The Hungarian Data Protection Authority has issued a statement on processing of employee emails under the GDPR, providing guidance for employers on how to ensure they are compliant.
At the end of last year, the Hungarian Data Protection Authority ('HDPA') issued a statement, in which it commits itself to take all possible action and use all available means (including imposing the appropriate legal consequences to prevent further infringements) to stop the widespread practice of unlawful processing of employee emails.
How does personal data enter the picture?
Even if an email address was provided for work purposes, it might be used by the employee for personal matters, or third parties might send personal emails to the address, which turns this into a question of data privacy. Although some recommended steps can be taken to prevent the personal use of work email addresses (i.e. the prohibition of personal use of work assets), it does not seem to be possible to fully separate the two uses, since receiving a personal email from a third party is generally outside the employer's or employee's control. It is also important to note that if an employee uses his or her work email address for personal matters despite possible explicit prohibitions set in place, this will still involve data processing by the employer, meaning that the processing of personal data is unavoidable.
What is expected of employers?
First and foremost, employers should determine the lawful ground for the processing. The HDPA highlighted storing, archiving and searching/ indexing as the most common processing actions performed on employee emails. Naturally, employers have a vested interest in monitoring employee emails, as it is necessary to control and maintain workflow. This means a lawful ground for processing must be substantiated by a thorough application of the balancing test prior to the processing. Once the lawful ground is established, it is advisable to prepare a Standard Operating Procedure (SOP) on the monitoring process.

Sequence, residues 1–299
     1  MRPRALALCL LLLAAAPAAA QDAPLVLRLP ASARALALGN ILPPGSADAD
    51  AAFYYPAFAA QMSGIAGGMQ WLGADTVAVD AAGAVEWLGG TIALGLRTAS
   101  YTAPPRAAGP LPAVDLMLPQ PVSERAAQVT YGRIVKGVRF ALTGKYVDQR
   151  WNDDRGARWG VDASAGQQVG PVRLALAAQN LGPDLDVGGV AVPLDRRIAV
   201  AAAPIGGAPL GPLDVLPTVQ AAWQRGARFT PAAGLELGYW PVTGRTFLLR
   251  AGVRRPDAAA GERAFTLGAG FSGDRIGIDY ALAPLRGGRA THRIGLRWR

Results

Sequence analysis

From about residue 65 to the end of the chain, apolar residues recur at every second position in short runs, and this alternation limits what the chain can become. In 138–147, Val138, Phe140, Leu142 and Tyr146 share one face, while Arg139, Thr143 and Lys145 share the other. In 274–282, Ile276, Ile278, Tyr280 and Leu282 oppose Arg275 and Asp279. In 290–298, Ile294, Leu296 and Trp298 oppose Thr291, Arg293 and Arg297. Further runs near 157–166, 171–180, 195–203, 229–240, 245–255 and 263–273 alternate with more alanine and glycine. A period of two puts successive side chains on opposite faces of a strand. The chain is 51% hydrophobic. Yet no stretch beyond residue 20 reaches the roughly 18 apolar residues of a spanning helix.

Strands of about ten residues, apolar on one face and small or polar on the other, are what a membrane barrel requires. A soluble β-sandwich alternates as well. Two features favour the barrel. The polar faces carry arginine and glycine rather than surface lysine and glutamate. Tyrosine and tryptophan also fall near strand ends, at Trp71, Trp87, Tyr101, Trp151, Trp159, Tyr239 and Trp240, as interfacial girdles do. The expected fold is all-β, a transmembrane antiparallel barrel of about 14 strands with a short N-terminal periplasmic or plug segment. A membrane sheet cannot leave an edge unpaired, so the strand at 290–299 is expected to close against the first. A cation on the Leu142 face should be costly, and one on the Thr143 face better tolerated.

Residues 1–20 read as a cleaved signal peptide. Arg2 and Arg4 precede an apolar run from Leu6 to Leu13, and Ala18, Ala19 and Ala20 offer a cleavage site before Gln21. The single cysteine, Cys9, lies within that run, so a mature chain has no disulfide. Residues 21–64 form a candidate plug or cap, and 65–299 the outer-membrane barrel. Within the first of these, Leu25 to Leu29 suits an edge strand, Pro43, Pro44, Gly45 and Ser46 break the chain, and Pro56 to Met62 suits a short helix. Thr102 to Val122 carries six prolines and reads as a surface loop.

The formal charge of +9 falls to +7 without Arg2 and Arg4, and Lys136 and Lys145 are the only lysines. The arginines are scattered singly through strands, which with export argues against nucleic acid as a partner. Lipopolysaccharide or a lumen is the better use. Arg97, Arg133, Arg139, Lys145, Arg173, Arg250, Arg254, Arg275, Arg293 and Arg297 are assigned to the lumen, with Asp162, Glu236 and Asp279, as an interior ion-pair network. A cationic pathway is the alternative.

The employer must duly inform the employees about the monitoring of work emails, the data processing and whether or not personal use of work emails is permitted or prohibited in the workplace.
Before or during the monitoring, the employer must take all reasonable steps to separate work-related and private emails. In accordance with the principle of accountability, the employer should maintain a record of the steps taken during monitoring.
Considering the fact that almost every employer provides its employees with an email address for work purposes, this statement is important for all employers who wish to be compliant with the GDPR and employees interested in the protection of their private lives.